Day after day, people started to realize that those who were riding foils were having more fun, were pointing higher, going faster and best of all, using sails that were 5m2 smaller. It was pretty cool to scale down the sail size needed.
At first, I was using an 8.6 m, and then I started to challenge myself in trying smaller and smaller sails. Of course, it captured everybody’s attention – to plane with a 5.4 m beginner rig, while all my friends were in the water with up to 12.5 m sails and formula boards!
Quickly a lot of people were requesting to try out my equipment and since then, we have graduated to having around 40 windfoils in Katanka Club.
WZ: Could you tell us how windfoiling has impacted your club?
MM: The impact of windfoiling among windsurfers is HUGE. Sailors are learning a new and exciting way of windsurfing. They actually know the final result of each step of this learning. It´s predictable, so it´s safe. The learning curve isn’t too steep, which makes windfoiling exciting for newcomers. Some customers have been to the club more often this year than they have over the past 5 years.
The efficiency of windfoiling can be easily described as having more time planning, while in less wind. Not only planning but also reaching unbelievable and exciting speeds in light winds, with much less effort. All of that with lighter and even less sophisticated rigs. If we have 30 minutes of sailing, we can spend those 30 minutes fully planning.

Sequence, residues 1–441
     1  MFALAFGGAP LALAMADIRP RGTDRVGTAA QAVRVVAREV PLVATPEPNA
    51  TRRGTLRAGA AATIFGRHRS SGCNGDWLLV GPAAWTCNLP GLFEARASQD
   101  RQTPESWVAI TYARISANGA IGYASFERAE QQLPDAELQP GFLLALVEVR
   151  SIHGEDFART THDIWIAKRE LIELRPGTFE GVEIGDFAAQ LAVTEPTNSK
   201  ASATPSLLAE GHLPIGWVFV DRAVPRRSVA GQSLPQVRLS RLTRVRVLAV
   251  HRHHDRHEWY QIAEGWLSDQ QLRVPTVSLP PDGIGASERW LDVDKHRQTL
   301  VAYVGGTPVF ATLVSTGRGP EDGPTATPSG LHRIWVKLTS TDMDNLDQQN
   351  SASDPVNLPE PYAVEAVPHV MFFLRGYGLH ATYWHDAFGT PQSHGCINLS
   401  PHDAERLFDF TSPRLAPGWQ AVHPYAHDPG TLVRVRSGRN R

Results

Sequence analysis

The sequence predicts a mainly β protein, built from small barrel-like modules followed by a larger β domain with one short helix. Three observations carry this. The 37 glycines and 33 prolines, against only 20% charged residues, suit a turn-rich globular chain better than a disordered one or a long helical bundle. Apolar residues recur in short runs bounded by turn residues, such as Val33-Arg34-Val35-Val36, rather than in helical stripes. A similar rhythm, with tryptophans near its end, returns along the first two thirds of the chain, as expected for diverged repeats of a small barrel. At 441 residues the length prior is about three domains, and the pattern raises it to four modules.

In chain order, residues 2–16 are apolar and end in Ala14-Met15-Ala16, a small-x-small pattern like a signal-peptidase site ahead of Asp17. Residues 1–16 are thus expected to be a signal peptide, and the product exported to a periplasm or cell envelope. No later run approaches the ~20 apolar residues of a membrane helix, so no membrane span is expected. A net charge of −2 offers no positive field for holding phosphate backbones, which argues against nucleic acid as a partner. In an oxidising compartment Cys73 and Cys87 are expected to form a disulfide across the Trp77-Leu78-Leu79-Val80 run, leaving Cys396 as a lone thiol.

On racing against conventional boards, it becomes more evident. In poor wind conditions, when sometimes conventional boards stop planning, windfoils pass through the lulls pointing or not losing angle and complete the courses with a huge advantage. Also, anyone who masters racing tactics will enjoy their freeride sailings even more. Windfoiling makes the season look like it is windier than ever before because there are many more sailable days.
I often use small and simple rigs from the windsurf school to prove windfoiling’s efficiency… Then I realized that I could bring windfoiling to our Windsurfing school. Many people give up windsurfing before they even get into the straps and planning. However, those who do get to this level won’t give up.
It is more difficult to plane while windsurfing here than it is in a steadily windy place. We need to get planning faster as the wind gusts are shorter. Freeride boards do not work well in this situation. We require more acceleration and that’s why Formula boards have ended up being the best. They start to plane faster, point higher, and have the best performance throughout the lulls. But a Formula board simply doesn´t work in light winds with less than a 10 m2 sail, which is a nightmare to handle for a beginner or intermediate sailor.
A BRILLIANT IDEA: learning on a windfoil
My idea was then to take advantage of windfoiling’s efficiency and offer it to beginners. Beginners will first learn all the basics on a classic Starboard Start daggerboard and then they will switch to a windfoil board. With a 6.5 or 7.5 sail they will be able to plane in light winds and they´ll learn that magic much faster!
Since I had this lightbulb moment, I started to equip our school with foils. I was pleasantly surprised with the GPS speed performance of the freeride aluminium foils. With the stability and tranquillity of the 1100 cm2 front wings and 500 cm2 tail wing configuration, I was able to reach speeds close to the full carbon Race foil on reaches. Now Katanka Club has 5 plug-and-play freeride Windfoil equipment, specific for learning. More people are coming to the school, trying, and learning how to windfoil. This season, we´ll see some of the first sailors learning how to plane immediately on windfoiling equipment. This is a revolution indeed!